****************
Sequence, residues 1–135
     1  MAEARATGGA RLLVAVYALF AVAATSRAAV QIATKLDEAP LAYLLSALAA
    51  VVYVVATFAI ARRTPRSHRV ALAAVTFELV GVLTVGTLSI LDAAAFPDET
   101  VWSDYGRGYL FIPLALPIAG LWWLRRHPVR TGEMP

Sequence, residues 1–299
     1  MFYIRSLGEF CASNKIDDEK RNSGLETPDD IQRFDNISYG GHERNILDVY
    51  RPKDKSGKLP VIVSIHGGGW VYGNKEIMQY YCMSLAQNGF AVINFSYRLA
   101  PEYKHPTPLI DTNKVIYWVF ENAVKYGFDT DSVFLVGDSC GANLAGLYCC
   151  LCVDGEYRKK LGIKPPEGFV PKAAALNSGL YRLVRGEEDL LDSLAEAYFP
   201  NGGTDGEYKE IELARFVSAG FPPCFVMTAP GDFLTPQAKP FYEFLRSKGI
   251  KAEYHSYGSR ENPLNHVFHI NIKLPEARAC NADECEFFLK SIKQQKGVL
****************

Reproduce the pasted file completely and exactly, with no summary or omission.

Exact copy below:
Sequence, residues 1–135
     1  MAEARATGGA RLLVAVYALF AVAATSRAAV QIATKLDEAP LAYLLSALAA
    51  VVYVVATFAI ARRTPRSHRV ALAAVTFELV GVLTVGTLSI LDAAAFPDET
   101  VWSDYGRGYL FIPLALPIAG LWWLRRHPVR TGEMP

Sequence, residues 1–299
     1  MFYIRSLGEF CASNKIDDEK RNSGLETPDD IQRFDNISYG GHERNILDVY
    51  RPKDKSGKLP VIVSIHGGGW VYGNKEIMQY YCMSLAQNGF AVINFSYRLA
   101  PEYKHPTPLI DTNKVIYWVF ENAVKYGFDT DSVFLVGDSC GANLAGLYCC
   151  LCVDGEYRKK LGIKPPEGFV PKAAALNSGL YRLVRGEEDL LDSLAEAYFP
   201  NGGTDGEYKE IELARFVSAG FPPCFVMTAP GDFLTPQAKP FYEFLRSKGI
   251  KAEYHSYGSR ENPLNHVFHI NIKLPEARAC NADECEFFLK SIKQQKGVL